Reward the Good Guys

Maybe home mortgages ought to be left to the banks and thrifts

Nati Harnik / AP

A new era: Countrywide Financial Corp. grew by selling its mortgages to others. It now plans to act more like a bank.

The last big mortgage debacle, the savings-and-loan crisis, was made mostly in Washington. The S&Ls were required by law to borrow short (via savings deposits) and lend long (via 30-year, fixed-rate mortgages). When that led to big losses in the inflation-racked early 1980s, Congress encouraged thrifts to grow their way out of trouble, in part by financing commercial real estate, with disastrous results.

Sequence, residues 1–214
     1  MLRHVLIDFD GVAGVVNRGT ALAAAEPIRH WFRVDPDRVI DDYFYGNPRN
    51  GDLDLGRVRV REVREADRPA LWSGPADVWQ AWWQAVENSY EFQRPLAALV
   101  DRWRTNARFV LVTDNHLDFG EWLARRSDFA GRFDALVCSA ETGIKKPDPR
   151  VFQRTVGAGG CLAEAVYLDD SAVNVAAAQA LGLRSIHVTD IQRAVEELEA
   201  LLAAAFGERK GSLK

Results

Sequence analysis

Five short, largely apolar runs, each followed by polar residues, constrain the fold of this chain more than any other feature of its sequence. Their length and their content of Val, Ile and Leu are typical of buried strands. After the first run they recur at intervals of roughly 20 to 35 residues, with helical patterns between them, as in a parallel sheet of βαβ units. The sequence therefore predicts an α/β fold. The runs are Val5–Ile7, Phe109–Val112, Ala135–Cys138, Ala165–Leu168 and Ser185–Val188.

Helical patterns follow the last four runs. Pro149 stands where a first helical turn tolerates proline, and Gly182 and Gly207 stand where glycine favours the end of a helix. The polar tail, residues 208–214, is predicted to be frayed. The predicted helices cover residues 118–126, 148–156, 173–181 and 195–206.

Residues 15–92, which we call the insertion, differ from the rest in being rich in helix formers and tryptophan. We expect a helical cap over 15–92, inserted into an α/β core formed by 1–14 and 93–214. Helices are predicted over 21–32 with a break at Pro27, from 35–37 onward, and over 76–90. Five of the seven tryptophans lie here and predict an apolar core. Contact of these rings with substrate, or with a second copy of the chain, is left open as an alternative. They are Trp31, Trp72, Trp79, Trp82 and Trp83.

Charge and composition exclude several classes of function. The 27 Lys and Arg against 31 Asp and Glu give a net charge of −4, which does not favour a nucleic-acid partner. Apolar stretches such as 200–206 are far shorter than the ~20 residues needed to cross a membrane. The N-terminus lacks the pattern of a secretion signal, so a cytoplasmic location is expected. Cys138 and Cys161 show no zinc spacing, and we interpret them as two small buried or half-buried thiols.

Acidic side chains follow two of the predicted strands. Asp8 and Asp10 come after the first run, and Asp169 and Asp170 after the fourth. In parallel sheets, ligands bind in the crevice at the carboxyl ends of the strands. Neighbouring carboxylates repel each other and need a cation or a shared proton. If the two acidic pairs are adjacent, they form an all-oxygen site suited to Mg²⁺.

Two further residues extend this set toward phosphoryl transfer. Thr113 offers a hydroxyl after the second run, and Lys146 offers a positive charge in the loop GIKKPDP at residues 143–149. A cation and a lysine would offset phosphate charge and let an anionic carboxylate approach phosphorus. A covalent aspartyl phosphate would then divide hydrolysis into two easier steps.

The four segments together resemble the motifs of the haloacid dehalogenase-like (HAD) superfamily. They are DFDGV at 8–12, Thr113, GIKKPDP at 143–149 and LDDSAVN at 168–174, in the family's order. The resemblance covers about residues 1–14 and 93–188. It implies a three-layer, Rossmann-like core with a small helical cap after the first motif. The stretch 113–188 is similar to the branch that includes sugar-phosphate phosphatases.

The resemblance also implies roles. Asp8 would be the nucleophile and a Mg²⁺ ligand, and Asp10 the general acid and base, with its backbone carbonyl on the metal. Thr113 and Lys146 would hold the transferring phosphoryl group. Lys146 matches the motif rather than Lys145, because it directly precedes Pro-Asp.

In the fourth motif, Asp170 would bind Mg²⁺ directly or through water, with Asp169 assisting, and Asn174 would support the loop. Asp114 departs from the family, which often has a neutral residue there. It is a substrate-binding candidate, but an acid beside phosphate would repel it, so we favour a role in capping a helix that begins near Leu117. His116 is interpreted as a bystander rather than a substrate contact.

This year's mortgage crack-up comes with a different story line. It was made not in Washington but in the strip-mall offices of mortgage brokers and on the trading floors of Wall Street. The general rule this time around...

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